oyal man, was in our employ, and who knew the country thoroughly, came to me and said he had heard General Meade intended passing a portion of his army by that mill above the Germania ford; and that if he did so he would get his army into trouble as there was no road at that point.
I persuaded Mr. Smith to go and see General Meade, and tell him what he knew of the country; and Mr. Smith afterward told me that he had done so, but that the General had not paid much attention to him. Two corps-French's and Sedgwick's — were put in where General Meade imagined there was a road, and they floundered about in the woods and ravines for a day and a half, the rest of the army waiting for them; and when they did join us, and we came up to the rebels, General Meade changed his mind, again refused to attack, and marched the army back to Culpepper.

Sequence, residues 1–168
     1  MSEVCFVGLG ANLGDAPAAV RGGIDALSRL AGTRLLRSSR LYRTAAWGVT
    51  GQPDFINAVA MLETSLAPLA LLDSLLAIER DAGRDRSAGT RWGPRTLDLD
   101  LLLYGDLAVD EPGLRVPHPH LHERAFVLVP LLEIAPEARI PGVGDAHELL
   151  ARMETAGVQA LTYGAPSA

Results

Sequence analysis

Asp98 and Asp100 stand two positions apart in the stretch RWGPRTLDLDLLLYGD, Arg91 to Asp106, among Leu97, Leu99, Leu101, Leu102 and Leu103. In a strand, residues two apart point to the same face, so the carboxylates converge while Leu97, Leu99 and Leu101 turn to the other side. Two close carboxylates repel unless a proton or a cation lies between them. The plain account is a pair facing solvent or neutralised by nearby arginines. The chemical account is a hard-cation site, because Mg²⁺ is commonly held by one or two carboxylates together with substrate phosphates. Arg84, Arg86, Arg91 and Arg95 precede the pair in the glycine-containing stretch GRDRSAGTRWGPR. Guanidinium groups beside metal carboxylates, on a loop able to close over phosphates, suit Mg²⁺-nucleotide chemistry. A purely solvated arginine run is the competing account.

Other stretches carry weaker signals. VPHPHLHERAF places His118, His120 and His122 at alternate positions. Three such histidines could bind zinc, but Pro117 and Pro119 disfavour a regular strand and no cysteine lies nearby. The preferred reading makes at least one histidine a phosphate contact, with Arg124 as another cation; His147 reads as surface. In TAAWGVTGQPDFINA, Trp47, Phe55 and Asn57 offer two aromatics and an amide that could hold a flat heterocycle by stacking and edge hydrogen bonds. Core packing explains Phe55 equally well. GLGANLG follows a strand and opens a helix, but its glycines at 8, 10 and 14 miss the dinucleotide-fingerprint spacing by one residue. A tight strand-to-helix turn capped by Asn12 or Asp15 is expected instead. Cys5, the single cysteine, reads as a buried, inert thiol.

Shortly after this campaign I was ordered to the Department of the Missouri, and my connection with the Army of the Potomac ceased.
campaign of P